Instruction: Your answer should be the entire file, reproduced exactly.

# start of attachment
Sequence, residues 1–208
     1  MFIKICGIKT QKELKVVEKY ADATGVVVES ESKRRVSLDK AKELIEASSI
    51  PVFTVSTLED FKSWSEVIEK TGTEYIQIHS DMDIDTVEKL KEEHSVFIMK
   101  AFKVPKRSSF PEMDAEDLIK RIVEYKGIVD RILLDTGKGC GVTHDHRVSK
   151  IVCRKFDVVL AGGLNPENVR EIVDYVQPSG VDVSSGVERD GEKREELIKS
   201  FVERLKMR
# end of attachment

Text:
Sequence, residues 1–208
     1  MFIKICGIKT QKELKVVEKY ADATGVVVES ESKRRVSLDK AKELIEASSI
    51  PVFTVSTLED FKSWSEVIEK TGTEYIQIHS DMDIDTVEKL KEEHSVFIMK
   101  AFKVPKRSSF PEMDAEDLIK RIVEYKGIVD RILLDTGKGC GVTHDHRVSK
   151  IVCRKFDVVL AGGLNPENVR EIVDYVQPSG VDVSSGVERD GEKREELIKS
   201  FVERLKMR